An Alternative Universe, One Where Her Son Still Lives: J. Robert Lennon’s ‘Familiar’

Somewhere on an Ohio interstate, where bored drivers can be counted on to whiz past the paranormal events happening in a middle-aged woman’s Honda, a crack in Elisa Brown’s windshield transports her from one brief, thirteen-page-long reality—of facts and blunt tragedy—to another. She finds her fingers gripping a different steering wheel, her toes jammed inside pumps instead of her usual sneakers, a husband who actually calls to see when she’ll arrive home, and, in place of her once bony frame, a plumper one that hasn’t suffered the death of her youngest son, Silas. J. Robert Lennon’s new novel, Familiar (Graywolf Press, 205 pages), follows this alternate Elisa as she navigates this disturbingly similar domain while attempting to make sense of the sudden shift.

Elisa finds herself assimilating to this complacent, disappointingly tame version of herself. She practices the dry office work that her proudly scientific nature disdains. She agrees to see Amos, the couples’ counselor, whose wisdom has cemented her marriage with Derek.

At the same time, she conducts an uncertain resistance. To escape the extra bulk, Elisa resumes her old habit of walking to her job at the local college campus. She ventures into the physics department, making some tentative inquiries into her predicament. Inspired by a friendly PhD candidate in physics named Betsy, she sets out on a quest for a metaphysical explanation.

In her most disruptive act of rebellion, Elisa tries to reconnect with her estranged adult sons. In this world, she has renounced them for the sake of her marriage, a bond that, even in the absence of her children, heaves under some unidentifiable stress. Defying her husband, Elisa travels from New York to California. Silas, alive and healthy enough, is a video game programmer who spends his time harassing gamers on Internet forums. He welcomes his mother with hostility.

Elisa stalks Silas on the Internet and she masters “Mindcrime,” his most notable game. She seems always on the cusp of a discovery. Betsy points her toward William James, whose multiverse theory “was rebelling against the idea of predestination, of a universe that was a finished creation. A finished world. Where you have a role to play. And a God that cares about that role.” “Mindcrime” virtually manifests this figurative world of possible outcomes in video game form. Whoever has the controller in hand decides the fate of his or her on-screen persona.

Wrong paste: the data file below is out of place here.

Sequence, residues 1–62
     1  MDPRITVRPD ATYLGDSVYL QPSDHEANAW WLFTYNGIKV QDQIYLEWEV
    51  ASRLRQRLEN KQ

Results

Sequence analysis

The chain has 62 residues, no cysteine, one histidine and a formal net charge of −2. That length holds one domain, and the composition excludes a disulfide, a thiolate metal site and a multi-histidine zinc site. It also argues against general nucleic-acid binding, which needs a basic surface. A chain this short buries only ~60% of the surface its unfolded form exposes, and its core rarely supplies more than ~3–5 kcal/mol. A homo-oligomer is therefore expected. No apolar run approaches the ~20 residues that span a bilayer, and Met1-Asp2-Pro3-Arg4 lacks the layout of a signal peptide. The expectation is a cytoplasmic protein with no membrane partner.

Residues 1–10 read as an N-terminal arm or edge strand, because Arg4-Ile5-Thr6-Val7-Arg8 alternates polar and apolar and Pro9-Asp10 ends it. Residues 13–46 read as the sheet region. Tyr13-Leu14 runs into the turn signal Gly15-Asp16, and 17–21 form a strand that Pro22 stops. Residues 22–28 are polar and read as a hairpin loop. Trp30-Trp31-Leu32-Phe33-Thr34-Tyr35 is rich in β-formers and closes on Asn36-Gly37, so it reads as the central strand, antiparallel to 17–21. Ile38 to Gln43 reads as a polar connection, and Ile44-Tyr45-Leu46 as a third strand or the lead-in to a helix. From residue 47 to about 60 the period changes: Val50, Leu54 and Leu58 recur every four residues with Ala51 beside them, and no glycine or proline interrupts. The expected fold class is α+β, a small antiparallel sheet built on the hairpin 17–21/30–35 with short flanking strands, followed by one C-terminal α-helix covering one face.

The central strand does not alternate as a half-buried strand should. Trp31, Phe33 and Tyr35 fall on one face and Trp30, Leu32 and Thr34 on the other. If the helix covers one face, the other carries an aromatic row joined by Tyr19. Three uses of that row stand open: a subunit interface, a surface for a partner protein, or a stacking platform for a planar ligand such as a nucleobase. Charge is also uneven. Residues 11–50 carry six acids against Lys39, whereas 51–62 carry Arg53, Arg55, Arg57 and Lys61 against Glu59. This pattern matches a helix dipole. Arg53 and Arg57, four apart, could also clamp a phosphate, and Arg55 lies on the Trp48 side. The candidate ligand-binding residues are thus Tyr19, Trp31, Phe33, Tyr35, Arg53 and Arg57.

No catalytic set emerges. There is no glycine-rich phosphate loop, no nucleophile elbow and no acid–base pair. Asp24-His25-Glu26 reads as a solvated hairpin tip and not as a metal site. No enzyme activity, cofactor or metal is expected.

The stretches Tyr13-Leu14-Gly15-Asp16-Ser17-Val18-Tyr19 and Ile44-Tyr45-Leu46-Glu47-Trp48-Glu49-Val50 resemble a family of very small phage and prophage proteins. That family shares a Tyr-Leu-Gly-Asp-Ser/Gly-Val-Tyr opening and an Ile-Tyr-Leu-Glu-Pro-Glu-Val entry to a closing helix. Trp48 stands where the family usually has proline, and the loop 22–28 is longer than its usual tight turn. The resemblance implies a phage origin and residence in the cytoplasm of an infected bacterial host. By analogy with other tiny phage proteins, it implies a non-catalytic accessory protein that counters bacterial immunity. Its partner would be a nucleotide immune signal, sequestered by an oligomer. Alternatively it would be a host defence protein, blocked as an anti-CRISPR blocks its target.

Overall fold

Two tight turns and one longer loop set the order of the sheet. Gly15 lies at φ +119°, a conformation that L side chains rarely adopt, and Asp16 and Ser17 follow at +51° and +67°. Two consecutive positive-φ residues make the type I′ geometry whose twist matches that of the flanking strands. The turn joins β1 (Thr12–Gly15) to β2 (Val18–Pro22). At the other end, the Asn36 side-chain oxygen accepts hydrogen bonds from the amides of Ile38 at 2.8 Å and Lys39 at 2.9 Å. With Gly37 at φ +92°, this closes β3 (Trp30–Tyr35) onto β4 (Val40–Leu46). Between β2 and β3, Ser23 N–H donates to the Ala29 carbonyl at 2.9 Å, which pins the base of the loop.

The reader vicariously submits to the same kind of authorial control. We function as avatars in Lennon’s own virtual reality. He plugs and toggles away, moving us from one absurd conclusion to the next. We crave the theory that will tie it all together as much as Elisa does. Everything looks familiar, events and symbols appear to have a connection, but Elisa, and the reader, trapped within Elisa’s limited perception, can’t quite recognize it.

In “Familiar,” Lennon invites us into a false comfort, offering a story we think we can understand. He even mockingly has his protagonist question whether her situation falls into the genre of science fiction or psychological thriller. But the genre refuses classification, though Elisa’s universe looks like ours, where we expect science to satisfyingly explain most small-scale enigmas. Still, the plot hints (to our exasperation) at a solution.

The text cruelly exercises its protagonist’s ability to cope with the uncanny. Lennon plunges Elisa into a black hole. She returns to a world of only subtle differences—the foreboding kinds that creep under the skin and invade the limbs. Homely looks un-homely; Elisa looks like a badly pixilated version of herself. “The older you get, the more life seems like a tightening spiral of nostalgia and narcissism,” she muses, “and the actual palpable world recedes into insignificance, replaced by a copy of a copy of a copy of a copy.” Lennon invites us to wonder what copies have fooled us.

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